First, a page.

Sometimes, The Informed Real Life Fame can arise in retrospect such as when a One-Hit Wonder manages to land a guest-shot as himself or herself on a popular TV show just before his or her 15 minutes expires. At the time the episode originally airs, the One Hit Wonder may actually have a fair amount of fame and public recognition but in the reruns aired years after the One Hit Wonder has ceased being even the punchline to flash-in-the-pan jokes, people seeing the show will have no idea who the One Hit Wonder is and will be puzzled about why he (or she) is being presented as such a big deal. (This also makes the episode of the TV show an Unintentional Period Piece.)

    Another way Informed Real Life Fame comes into play is when the "celebrity" depicted in the TV program as a hot new star is, in real life, a One Hit Wonder Without a Hit. Even people seeing the show when it's initially aired have little idea on who this heavily-hyped newcomer is and why he (or she) is being presented as such a big deal. In some cases, this example of Informed Real Life Fame comes about when a campaign of money, publicity, and hype to launch an unknown performer into superstar status fails spectacularly.

    Increasingly, Informed Real Life Fame has become intermingled with the Fan Myopia and Popcultural Osmosis Failure tropes. As popular culture gets more fragmented, a person who's famous with one particular demographic may be completely unknown by another. Something similar can be experienced if someone from "Country A" is watching a TV show from "Country B" featuring a guest-star who's not known outside of "Country B".
  • January 31, 2014
    frosty
    Wasn't there a trope about real bands that make cameos on tv shows, and then all the characters in the show are huge fans, no matter how obscure the band is IRL?
  • January 31, 2014
    AliceMacher
    • A 1980s Archie Comics story guest-starred, and featured on the cover, one Glen Scarpelli as a Teen Idol that the characters just couldn't stop gushing about. In fact, while Scarpelli wasn't completely obscure—he had a recurring role as Alex Handris on One Day At A Time—he wasn't known for his music. However, his father, Henry Scarpelli, had been an Archie Comics artist for decades, so draw your own conclusion.
  • January 31, 2014
    crazysamaritan
    ^^^ That seems okay, although if you want straight examples, this becomes an Audience Reaction, and therefore a YMMV trope.

    Not that it is any less legitimate, that's just a classification when we require information not present in the work itself. The "Real Life" portion isn't something that can be determined from the work, especially if the work is doing the Informing.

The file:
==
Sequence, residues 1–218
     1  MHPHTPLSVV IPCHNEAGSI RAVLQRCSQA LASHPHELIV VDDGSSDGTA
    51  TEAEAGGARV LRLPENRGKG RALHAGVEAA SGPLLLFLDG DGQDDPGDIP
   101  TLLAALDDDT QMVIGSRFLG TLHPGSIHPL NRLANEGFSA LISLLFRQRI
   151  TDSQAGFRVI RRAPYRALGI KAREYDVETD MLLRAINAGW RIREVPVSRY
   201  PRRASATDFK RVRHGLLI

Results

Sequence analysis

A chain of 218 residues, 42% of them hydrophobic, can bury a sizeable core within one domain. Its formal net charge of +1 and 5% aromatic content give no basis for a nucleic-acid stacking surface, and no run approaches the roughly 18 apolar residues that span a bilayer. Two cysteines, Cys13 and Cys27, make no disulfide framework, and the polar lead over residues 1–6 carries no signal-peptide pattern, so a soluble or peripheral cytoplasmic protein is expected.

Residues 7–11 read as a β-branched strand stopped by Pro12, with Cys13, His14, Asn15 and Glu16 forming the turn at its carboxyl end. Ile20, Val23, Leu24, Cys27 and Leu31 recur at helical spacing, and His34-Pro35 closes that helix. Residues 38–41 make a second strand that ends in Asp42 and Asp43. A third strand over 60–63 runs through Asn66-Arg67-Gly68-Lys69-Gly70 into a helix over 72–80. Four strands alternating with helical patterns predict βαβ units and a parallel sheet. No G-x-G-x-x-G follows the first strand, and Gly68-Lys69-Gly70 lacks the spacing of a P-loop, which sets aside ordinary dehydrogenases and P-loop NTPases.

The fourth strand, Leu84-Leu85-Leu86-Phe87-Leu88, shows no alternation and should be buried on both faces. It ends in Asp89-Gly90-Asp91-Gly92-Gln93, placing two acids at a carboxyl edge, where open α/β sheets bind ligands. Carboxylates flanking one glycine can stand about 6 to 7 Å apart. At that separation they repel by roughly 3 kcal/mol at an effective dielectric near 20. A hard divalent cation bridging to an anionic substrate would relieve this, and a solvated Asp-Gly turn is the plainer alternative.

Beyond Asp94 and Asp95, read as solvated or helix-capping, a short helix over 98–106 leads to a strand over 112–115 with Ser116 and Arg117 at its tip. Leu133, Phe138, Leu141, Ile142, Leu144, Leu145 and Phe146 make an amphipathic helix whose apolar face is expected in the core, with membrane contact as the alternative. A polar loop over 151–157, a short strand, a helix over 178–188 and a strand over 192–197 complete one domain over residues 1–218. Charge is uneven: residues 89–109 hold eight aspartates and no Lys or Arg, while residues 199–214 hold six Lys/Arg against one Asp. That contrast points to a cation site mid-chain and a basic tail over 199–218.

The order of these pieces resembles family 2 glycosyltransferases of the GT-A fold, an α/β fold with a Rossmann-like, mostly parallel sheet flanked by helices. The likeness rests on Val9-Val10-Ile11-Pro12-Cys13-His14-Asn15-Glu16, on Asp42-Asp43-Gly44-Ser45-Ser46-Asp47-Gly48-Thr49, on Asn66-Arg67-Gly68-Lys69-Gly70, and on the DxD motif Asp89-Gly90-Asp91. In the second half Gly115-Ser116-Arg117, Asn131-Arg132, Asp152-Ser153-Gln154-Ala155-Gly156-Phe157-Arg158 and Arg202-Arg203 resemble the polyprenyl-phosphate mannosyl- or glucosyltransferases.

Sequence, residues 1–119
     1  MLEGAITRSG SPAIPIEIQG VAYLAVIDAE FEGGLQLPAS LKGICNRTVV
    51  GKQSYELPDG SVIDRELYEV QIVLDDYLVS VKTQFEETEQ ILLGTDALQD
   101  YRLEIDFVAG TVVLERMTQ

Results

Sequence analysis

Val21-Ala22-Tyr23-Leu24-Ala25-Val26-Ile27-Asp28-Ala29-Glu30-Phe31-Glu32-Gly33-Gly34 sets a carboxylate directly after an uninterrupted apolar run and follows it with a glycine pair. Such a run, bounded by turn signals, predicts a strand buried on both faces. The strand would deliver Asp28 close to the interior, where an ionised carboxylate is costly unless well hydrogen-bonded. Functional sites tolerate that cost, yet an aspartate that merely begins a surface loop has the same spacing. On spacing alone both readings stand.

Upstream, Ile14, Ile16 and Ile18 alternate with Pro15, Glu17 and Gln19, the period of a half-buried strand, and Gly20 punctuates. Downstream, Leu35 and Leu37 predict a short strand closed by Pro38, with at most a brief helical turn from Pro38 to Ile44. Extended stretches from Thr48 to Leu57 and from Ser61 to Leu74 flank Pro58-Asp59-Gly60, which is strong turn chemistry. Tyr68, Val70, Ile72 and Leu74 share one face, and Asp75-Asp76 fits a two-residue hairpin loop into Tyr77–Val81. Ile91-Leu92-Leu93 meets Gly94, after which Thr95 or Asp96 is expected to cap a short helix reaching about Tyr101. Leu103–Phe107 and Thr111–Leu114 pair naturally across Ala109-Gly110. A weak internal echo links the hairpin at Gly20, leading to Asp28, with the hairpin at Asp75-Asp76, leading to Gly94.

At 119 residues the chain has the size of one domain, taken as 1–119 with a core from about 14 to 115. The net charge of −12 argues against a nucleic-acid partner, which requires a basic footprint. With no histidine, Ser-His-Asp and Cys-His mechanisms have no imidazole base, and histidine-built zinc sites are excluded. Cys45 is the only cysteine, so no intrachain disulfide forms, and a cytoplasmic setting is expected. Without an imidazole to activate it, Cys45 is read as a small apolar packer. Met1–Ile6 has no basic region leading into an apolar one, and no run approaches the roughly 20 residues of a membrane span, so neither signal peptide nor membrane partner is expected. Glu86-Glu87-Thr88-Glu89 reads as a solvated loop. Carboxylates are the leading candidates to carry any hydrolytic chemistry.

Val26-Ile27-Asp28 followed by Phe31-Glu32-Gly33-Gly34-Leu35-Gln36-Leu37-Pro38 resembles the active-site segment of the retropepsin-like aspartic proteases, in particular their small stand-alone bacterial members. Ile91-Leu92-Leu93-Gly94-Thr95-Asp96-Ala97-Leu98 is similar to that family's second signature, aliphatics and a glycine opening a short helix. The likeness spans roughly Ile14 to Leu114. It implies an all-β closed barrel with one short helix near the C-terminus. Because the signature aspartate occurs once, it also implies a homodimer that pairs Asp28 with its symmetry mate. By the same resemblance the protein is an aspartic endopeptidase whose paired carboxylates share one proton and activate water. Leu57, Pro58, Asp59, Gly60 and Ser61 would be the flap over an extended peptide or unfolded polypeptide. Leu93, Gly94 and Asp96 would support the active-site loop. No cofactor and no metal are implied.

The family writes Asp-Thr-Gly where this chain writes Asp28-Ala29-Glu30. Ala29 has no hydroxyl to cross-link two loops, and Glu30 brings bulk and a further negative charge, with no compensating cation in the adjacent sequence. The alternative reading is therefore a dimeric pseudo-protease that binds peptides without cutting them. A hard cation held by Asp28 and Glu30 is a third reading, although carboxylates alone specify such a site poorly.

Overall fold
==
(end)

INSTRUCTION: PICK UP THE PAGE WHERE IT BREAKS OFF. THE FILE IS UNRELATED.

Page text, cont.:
• February 15, 2014
    Lawman592
    Revised to remove Example As Thesis paragraphs and references to Informed Real Life Fame being a trope.
  • February 16, 2014
    LordGro
    This looks okay to me in principle, although I think the actual definition (the first paragraph) could use some polishing:

    "Informed Real Life Fame is when the luster of a real-life "superstar" is oddly contained to the fictional universe of a particular TV program or movie despite repeated claims in the TV program or movie stating otherwise."

    This seems to be worded unnecessarily complicated: If the fame of the (supposed) star is "contained to the fictional universe" of the show, it is not necessary for the show to "claim otherwise" (i.e. that the fame is not contained to the fictional universe of the show). In fact, I doubt that many shows will explicitly tell the watcher "These are actual stars, they are not only famous in our show!" When a real person is treated as a star in the show, that's kind of an implicit statement of "s/he's really famous". It would be a strange kind of humor to treat a real person as a star in the show, while at the same time signalling the viewer "just kidding, we know he's not really famous". I would just chop off the "despite repeated claims ..." part.

    Also, I take it this Audience Reaction requires a (supposed) star appearing in the show As Himself; the description should mention that.

    Edit: I see the description has been changed. Looks okay to me.
  • February 25, 2014
    Lawman592
    Unless anybody wants to add anything, I'm going to launch this soon.

Three days must pass before this YKTTW is Launchworthy or Discardable